Propulsion Scales (Earthfleet)

From ROI Wiki

In the Earthfleet Universe, there are a number of different ways in which the various races determine the current and maximum flight speed of a vessel at both sublight and FTL. Some of this depends on the actual propulsion system being used, and some on the race that is using it. Listed below is the most common systems of speed measurement used within the galaxy, both standard and unique.

Earthfleet - AUT

In the Sol Sector, where Earthfleet operates, the primary measure of speed is the AUT or "Astronomical Units over Time". This uses the globally accepted "Astronomical Unit" as its chief form of measurement for both distance, and speed when traveling at either FTL or sublight. An Astronomical Unit is the average distance between the surface of the sun and the surface of the Earth. The distance is only considered as "average" because the Earth's distance to the sun varies depending on the time of year. An AU is measured in several ways. It's calculated as being 149,597,900 Kilometers or 92,955,810 miles, depending on your preferred method of measurement.

At light speed (about 186k miles per second) it takes roughly 8 minutes and 20 seconds to cross this distance. This measurement of speed is then broken down by increments of hours, minutes and seconds. So 100AUH is 100AU per hour, which is roughly 92,955,810 miles X 100 / 186000 = 49,976.24 light seconds, 832.94 light minutes, or 13.88 light hours. In short, a ship traveling at 100AUH would travel the same distance in an hour that it would take light 13.88 hours to cross. As another example, a ship moving at 60k AUM could cross a distance of around 20k light years in roughly 14.6 days. That's approximately 21k seconds, or 350.4 hours of total flight time. Five times that and the ship could cross the entire width of the galaxy one time.

Warp Speed - Galactic Standard Scale

Unlike with Coaxial and Hyper Drive, Warp Speeds are determined by power scales, with each step being exponentially higher than the previous one. Each step on the warp scale also corresponds to a multiplier of light speed. For example, warp 1, being the baseline metric, is equal to the speed of light. All other metrics above this are exponential in nature with Warp 15 coming in at close to 500k times the speed of light. This is roughly 0.96 light years per minute. However, not every warp powered ship can reach this speed, nor is it the theoretical speed cap. Some ships are capable of surpassing Warp 15. However, such speeds are generally considered to be "emergency velocity" and are only capable of being achieved for brief times by a small number of elite military vessels within the galaxy. In Warp speed terms, this roughly equates to having the peddle jammed into the firewall with the engine operating at maximum possible output. Anything faster and the ship risks catastrophic rupture of the warp nacelles due to plasma over-pressure. So at this point, the only thing that keeps ships from surpassing Warp 15 is the durability and ruggedness of their own warp drives, and their ability to continue operating under such high reactor and nacelle pressures.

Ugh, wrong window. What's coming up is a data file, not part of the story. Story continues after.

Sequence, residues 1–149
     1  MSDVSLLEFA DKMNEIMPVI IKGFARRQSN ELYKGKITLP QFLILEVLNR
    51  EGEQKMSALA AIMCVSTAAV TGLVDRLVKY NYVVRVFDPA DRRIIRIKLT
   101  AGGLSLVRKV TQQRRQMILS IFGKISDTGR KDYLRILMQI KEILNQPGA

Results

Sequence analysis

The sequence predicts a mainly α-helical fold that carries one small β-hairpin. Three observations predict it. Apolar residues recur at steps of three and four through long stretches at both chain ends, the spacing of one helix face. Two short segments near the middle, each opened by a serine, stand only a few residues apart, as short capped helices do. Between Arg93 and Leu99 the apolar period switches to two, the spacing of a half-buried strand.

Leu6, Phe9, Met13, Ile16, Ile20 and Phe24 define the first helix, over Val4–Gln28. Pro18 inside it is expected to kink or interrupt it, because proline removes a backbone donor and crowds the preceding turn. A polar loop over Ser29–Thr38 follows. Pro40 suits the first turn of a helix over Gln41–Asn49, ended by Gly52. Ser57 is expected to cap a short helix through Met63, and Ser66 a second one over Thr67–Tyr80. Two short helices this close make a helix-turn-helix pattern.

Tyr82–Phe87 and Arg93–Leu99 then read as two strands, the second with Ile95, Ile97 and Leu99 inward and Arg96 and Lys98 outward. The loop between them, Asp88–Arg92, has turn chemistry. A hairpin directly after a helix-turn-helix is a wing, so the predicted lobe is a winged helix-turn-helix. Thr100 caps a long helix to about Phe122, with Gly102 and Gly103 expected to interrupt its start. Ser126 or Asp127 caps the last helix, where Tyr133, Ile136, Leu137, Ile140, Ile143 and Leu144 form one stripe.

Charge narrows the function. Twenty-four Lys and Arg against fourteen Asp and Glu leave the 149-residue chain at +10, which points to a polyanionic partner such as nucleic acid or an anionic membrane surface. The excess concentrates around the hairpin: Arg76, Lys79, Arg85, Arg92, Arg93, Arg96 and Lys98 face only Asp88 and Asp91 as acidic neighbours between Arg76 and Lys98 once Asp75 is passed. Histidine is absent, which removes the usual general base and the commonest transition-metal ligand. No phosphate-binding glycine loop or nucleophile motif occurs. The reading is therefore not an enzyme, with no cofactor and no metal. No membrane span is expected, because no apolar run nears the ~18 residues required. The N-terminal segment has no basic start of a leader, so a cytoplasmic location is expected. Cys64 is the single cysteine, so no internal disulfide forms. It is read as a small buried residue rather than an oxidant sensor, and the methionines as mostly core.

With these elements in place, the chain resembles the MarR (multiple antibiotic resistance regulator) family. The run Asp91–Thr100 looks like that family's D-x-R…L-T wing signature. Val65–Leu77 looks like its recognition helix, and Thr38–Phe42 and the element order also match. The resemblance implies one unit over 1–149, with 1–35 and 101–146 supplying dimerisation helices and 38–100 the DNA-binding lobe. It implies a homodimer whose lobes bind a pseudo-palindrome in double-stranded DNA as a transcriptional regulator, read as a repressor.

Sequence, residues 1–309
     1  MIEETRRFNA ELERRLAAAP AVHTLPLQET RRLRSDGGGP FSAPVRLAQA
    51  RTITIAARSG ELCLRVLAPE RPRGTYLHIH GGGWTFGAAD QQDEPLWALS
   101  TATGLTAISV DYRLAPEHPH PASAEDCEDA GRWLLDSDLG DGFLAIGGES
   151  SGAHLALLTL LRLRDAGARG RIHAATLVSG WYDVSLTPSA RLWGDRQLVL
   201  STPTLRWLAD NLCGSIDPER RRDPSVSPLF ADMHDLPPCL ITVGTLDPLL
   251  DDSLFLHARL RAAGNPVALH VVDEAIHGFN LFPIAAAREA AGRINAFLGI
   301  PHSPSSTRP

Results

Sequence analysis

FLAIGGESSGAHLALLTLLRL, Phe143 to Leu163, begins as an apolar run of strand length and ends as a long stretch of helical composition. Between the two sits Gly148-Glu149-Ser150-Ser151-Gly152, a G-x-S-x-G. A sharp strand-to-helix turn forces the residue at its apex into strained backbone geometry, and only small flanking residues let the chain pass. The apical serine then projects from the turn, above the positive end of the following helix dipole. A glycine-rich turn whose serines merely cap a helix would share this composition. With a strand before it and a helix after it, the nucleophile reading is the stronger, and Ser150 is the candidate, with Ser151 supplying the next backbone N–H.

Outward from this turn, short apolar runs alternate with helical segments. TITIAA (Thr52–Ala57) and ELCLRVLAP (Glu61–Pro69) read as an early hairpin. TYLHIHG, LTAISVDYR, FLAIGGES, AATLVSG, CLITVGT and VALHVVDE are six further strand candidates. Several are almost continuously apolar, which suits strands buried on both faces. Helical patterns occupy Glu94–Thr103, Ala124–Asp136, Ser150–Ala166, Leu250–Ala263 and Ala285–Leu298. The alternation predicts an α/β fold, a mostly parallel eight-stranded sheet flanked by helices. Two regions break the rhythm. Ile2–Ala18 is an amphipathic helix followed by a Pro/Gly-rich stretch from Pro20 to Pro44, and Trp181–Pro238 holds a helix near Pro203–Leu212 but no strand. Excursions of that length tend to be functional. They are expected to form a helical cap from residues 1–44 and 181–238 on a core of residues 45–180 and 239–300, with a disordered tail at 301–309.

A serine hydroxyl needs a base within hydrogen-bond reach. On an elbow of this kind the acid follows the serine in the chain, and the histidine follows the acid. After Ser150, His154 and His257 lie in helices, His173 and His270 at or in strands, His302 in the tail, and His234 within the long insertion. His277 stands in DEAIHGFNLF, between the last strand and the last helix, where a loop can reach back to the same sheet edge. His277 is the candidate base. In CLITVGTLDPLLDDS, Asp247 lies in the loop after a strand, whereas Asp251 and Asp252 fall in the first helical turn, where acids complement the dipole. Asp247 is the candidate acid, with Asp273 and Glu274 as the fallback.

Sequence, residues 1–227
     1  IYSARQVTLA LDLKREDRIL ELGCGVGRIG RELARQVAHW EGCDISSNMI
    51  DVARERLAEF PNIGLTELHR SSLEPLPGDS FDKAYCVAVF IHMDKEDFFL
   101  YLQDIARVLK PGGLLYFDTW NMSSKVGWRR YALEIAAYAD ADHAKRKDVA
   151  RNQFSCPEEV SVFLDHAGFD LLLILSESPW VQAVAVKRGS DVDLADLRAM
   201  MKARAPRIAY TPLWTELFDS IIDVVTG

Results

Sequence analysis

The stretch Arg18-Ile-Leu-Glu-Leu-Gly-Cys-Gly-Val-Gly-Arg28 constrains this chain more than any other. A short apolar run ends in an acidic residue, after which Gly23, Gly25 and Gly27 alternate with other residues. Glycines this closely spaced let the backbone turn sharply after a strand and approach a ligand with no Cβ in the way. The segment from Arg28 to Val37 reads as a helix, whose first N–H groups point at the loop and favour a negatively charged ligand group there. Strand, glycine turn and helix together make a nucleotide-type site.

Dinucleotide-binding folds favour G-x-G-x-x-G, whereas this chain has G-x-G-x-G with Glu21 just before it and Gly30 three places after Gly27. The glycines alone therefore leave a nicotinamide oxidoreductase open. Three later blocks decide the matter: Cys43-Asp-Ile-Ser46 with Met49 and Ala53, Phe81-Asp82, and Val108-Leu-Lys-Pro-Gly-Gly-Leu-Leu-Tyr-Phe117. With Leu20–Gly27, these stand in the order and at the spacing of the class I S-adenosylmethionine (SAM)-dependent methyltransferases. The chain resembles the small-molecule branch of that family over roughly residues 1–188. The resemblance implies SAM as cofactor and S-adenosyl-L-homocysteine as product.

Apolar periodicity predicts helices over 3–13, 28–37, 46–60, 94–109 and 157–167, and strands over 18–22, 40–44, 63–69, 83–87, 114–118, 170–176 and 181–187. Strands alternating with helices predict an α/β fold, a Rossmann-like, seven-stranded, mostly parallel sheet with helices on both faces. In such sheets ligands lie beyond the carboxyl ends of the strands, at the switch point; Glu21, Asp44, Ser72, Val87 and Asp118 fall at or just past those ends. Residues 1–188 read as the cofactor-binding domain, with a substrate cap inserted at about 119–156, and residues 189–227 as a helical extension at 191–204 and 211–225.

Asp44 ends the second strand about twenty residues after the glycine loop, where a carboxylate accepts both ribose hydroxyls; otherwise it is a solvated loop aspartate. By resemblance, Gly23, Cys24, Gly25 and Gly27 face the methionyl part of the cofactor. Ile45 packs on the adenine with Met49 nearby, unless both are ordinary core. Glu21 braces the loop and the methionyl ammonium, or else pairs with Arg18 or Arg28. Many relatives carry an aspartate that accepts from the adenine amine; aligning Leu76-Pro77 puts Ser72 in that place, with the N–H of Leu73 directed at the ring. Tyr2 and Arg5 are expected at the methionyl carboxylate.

Grand Scale

The Grand Scale, while older, is still commonly used within the galaxy by numerous races. Speeds on the Grand Scale are denominated according to the standard galactic calendar, which is 360 days long, with each standard day being 26.5 Sol hours. Individual steps are determined on the Grand Scale using a "Light Years Per Standard Day" methodology. So, for example, if you were traveling at a speed of 15 light years per day, your speed would be rated as 15GS. In Sol time, that would be an equivalent speed of 13.59 light years per one Earth day.

Other Scales

There are a variety of other, lesser used scales that can be found all across the galaxy. For example, with the Razkor, as their primary FTL drive system is the Jump Drive, their "speed" is denoted in distance traveled per jump. For a handful of the races who prefer to use Wormhole Drive, Slipstream or Hyperluminal FTL drive systems, they measure speed by distance traveled, but denominate their distances in terms of sectors and parsecs crossed, rather than Light Years. So if you were counting your speed by sectors per day, and you were going 9Sec, your would cross 9 complete sectors of space in one day. To go 3.4PS means you've crossed 3.4 parsecs per day. If you go 3.4Sec, then you've crossed 3 sectors and 4 parsecs, with a galactic standard sector being 15 parsecs wide, and a parsec being 3.97 light years. As such, speed ratings of 3.14Sec (3 sectors, 4 parsecs) are possible. There are also a number of other, less commonly used scales, most of which are derived from local or regional scales of distance and time that do not directly correspond to galacticly accepted standards of measurement.